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作者 Sugita, Mamori
書名 Japanese -te iru and -te aru: The aspectual implications of the stage-level and individual-level distinction
國際標準書號 9781109462470
book jacket
說明 303 p
附註 Source: Dissertation Abstracts International, Volume: 70-11, Section: A, page: 4267
Adviser: William McClure
Thesis (Ph.D.)--City University of New York, 2009
This dissertation investigates semantic and syntactic properties of the forms --te iru and --te aru in Japanese, as well as pragmatic effects of statements with these forms
With an activity verb in the --te iru form, progressive, experiential, and habitual readings are available. With an achievement verb in the --te iru form, perfective, experiential, and habitual readings are available. I address specifically the difference between perfective and experiential readings. After reviewing the literature, where it seems that the distinction is not clear, I give a series of empirical tests and argue that experiential sentences exhibit properties of individual-level predicates, while perfective (as well as progressive) sentences exhibit properties of stage-level predicates
There are two types of --te aru sentences, intransitivizing and non-intransitivizing --te aru, both of which have been claimed to yield perfective readings. However, I argue that all -- te aru sentences are experiential and exhibit properties that parallel individual-level predicates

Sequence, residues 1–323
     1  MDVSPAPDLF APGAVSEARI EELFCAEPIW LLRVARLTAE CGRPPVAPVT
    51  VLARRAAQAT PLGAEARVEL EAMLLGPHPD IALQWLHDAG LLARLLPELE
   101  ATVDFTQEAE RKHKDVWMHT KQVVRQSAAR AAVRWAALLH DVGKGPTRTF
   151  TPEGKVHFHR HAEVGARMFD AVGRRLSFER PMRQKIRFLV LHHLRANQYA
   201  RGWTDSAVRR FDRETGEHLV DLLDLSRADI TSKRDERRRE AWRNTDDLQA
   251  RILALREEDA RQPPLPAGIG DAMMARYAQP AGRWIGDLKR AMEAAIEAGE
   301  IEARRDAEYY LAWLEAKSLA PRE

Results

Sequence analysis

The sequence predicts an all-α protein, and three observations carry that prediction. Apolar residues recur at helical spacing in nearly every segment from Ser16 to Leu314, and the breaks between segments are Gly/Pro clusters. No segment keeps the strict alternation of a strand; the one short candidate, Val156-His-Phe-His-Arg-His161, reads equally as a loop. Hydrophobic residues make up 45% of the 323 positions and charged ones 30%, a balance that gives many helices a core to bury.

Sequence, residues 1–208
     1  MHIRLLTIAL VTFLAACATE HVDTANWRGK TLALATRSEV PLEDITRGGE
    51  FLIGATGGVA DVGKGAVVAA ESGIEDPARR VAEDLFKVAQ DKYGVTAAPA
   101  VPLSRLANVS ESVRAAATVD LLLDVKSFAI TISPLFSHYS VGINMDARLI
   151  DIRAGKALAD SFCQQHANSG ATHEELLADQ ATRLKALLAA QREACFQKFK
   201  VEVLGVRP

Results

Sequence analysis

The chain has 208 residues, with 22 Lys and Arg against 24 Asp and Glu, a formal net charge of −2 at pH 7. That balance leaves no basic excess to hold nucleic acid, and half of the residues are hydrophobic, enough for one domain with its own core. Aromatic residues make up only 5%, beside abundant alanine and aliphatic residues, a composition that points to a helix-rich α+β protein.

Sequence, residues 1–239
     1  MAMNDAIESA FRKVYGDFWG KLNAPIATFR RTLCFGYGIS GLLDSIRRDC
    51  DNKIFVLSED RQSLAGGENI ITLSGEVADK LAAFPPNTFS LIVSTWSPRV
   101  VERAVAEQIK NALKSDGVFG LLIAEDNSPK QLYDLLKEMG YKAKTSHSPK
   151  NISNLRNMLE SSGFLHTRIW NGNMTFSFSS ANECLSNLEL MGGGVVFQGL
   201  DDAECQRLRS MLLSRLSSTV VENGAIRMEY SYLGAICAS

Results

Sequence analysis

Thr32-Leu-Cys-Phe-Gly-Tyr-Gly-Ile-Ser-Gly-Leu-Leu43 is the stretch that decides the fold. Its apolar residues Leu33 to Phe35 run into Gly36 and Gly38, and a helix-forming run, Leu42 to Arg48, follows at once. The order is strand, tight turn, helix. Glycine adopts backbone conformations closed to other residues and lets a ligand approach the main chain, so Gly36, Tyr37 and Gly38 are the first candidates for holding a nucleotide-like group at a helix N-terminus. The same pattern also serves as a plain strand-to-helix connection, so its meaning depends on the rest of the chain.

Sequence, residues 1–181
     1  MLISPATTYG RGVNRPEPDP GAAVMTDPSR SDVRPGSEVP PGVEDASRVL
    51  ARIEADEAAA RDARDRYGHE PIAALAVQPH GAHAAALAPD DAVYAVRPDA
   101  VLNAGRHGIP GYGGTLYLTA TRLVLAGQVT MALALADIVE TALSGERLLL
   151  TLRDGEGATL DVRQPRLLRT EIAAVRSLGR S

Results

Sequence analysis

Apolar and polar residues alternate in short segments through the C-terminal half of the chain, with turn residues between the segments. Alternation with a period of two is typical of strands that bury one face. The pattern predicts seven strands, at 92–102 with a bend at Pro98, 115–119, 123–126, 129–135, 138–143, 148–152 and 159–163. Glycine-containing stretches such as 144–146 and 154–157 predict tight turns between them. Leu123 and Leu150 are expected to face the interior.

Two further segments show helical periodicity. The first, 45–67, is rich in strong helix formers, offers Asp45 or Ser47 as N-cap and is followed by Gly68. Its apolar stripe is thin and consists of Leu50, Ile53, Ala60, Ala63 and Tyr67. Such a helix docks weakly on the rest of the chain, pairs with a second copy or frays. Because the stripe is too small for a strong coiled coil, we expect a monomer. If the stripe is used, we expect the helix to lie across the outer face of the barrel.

This dissertation investigates semantic and syntactic properties of the forms --te iru and --te aru in Japanese, as well as pragmatic effects of statements with these forms. With an activity verb in the --te iru form, progressive, experiential, and habitual readings are available. With an achievement verb in the --te iru form, perfective, experiential, and habitual readings are available. I address specifically the difference between perfective and experiential readings. After reviewing the literature, where it seems that the distinction is not clear, I give a series of empirical tests and argue that experiential sentences exhibit properties of individual-level predicates, while perfective (as well as progressive) sentences exhibit properties of stage-level predicates
There are two types of --te aru sentences, intransitivizing and non-intransitivizing --te aru, both of which have been claimed to yield perfective readings. However, I argue that all -- te aru sentences are experiential and exhibit properties that parallel individual-level predicates
School code: 0046
Host Item Dissertation Abstracts International 70-11A
主題 Language, Linguistics
0290
Alt Author City University of New York. Linguistics
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